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Opportunity Zones Have Done What They Were Created To Do – Will That Be Enough?

15th Nov 2023
When discussing the merits of OZ, it’s important to remember why the initiative was proposed in the first place. With the right changes, it can accomplish even more.

Because of our work with Opportunity Funds, we at JTC have been in an advantageous position to see the wide range of projects that have been funded by Opportunity Zone investments, and how the OZ initiative has helped both urban and rural communities attract investments in affordable housing, health care, minority and women-owned businesses, sustainable agriculture, renewable energy, and other important projects.

Despite these success stories, OZ has received plenty of criticism over the years that must be addressed if the program is to have hope of being extended beyond its current expiration date. To show that OZ has been an effective program, we need more than just anecdotal evidence, but hard data has been elusive.

While some studies have been done, it’s too early to draw conclusions because most of the research has been limited to the early days of the program. Even one of the more recent studies, performed by David Coyne and Craig Johnson for the Department of the Treasury Office of Tax Analysis and published in July 2023, states, “It is too soon to reach conclusions regarding the effectiveness of the OZ tax incentive.”

It will take time to know what effects OZ investment has had and will have on underserved communities, but it will also be impossible to draw conclusions if we don’t have industry-wide data or a consensus on how to evaluate the success of the program.

How will we know if OZ has been successful?

One of the drawbacks of OZ has been the lack of impact reporting standards. While legislation has been proposed in the past that would institute mandatory impact reporting, nothing has been enacted, meaning there is no requirement for funds to report on the social impact of their projects or for the government to report on the success of OZ as a whole.

At JTC, we believe social impact reporting is an important part of impact investments like Opportunity Zones, which is why we provide thorough impact reports that detail impact progress throughout a project’s lifecycle. If Congress institutes an impact reporting requirement for OZ, the community impact of OZ investments can be quantified. However, they’ll also need to settle on a metric for success.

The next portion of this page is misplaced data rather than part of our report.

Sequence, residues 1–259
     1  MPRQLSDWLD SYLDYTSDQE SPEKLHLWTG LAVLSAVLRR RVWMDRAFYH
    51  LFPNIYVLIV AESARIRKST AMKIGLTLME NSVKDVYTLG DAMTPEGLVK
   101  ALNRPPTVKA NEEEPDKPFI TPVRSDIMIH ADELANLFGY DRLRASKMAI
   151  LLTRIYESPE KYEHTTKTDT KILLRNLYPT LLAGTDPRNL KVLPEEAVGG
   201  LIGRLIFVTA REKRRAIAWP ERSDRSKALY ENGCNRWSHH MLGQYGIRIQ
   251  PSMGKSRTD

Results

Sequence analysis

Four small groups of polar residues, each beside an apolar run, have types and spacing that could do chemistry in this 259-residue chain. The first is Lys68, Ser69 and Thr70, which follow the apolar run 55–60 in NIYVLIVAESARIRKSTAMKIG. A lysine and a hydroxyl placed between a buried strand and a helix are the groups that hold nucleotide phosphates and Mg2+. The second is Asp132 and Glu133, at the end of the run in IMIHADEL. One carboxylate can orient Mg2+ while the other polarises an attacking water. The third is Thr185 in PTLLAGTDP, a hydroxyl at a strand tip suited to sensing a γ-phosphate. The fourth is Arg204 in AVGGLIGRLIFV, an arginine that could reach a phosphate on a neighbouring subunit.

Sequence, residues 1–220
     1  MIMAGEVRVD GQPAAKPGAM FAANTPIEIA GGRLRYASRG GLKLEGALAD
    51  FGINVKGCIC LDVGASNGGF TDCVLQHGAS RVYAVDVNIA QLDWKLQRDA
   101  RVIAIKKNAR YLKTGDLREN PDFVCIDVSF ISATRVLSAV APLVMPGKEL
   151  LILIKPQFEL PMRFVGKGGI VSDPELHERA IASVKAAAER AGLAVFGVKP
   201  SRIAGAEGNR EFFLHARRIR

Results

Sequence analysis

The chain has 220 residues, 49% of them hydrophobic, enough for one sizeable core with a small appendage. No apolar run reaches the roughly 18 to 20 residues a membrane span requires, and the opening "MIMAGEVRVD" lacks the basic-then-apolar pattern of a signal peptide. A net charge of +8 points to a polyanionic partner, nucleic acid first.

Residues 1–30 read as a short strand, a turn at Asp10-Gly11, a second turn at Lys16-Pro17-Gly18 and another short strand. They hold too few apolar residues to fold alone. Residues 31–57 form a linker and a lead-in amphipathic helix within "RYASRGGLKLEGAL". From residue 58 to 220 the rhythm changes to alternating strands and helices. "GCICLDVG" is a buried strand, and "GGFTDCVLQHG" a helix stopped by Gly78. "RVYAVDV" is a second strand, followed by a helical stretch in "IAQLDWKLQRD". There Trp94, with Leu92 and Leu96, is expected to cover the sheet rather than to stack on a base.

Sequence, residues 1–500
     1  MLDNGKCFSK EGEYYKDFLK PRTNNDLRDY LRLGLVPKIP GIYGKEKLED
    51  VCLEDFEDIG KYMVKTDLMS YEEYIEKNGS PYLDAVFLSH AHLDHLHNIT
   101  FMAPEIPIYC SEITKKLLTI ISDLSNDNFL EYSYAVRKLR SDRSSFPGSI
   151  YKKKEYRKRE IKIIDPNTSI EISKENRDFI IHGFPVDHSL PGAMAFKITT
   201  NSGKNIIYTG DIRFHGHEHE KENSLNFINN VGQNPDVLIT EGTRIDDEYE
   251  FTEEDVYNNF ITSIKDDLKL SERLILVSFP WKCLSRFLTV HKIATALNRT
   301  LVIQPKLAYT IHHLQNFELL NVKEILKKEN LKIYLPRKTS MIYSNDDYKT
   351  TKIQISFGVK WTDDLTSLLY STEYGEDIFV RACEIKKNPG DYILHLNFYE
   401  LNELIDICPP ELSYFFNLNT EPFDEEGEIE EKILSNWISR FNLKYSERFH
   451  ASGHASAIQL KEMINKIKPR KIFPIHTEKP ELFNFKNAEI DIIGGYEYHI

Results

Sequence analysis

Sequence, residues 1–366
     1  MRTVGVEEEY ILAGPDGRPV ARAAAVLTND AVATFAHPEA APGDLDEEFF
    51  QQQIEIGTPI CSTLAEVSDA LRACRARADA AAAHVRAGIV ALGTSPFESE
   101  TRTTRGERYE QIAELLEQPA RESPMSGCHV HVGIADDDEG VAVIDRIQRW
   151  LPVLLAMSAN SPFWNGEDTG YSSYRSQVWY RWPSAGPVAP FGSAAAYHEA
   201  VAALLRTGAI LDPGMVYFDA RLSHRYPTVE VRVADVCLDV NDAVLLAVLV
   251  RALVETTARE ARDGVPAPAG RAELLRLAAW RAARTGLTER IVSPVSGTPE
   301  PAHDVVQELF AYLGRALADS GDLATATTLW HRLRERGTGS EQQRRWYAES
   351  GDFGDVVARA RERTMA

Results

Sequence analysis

There are many ways to measure community impact, and different government programs define success in different ways. For the EB-5 Immigrant Investor Program, job creation is the impact metric, and therefore the number of jobs created by each project must be thoroughly documented. But this is by no means the only metric by which a government program can be judged.

The number of jobs created, affordable housing units built, average home price, home ownership rates, local unemployment rate, poverty rate – there are many metrics by which the impact success of Opportunity Zones could be judged. Selecting one of these would make it easier to quantify success, but would also change the nature of the program, which does not involve a single impact goal.

Our research has shown that impact investors want to focus their investments on a variety of impact goals, and OZ allows them to do that. Projects with different goals might measure their impact in different ways. How can we evaluate OZ when each project has a different intention? After all, impact investing is all about intention, so we should focus on the original intention of the initiative to see if it’s been successful.

The origins of OZ – what was this initiative originally for?

To understand the intention of Opportunity Zones, let’s look at what government sources said about their creation.

From an IRS presentation on the Tax Cuts and Jobs Act of 2017:

Opportunity Zones
  • economic development tool to encourage long-term investment and job creation in low income communities
  • investment encouraged by providing tax benefits to Investors that invest capital gains into Qualified Opportunity Funds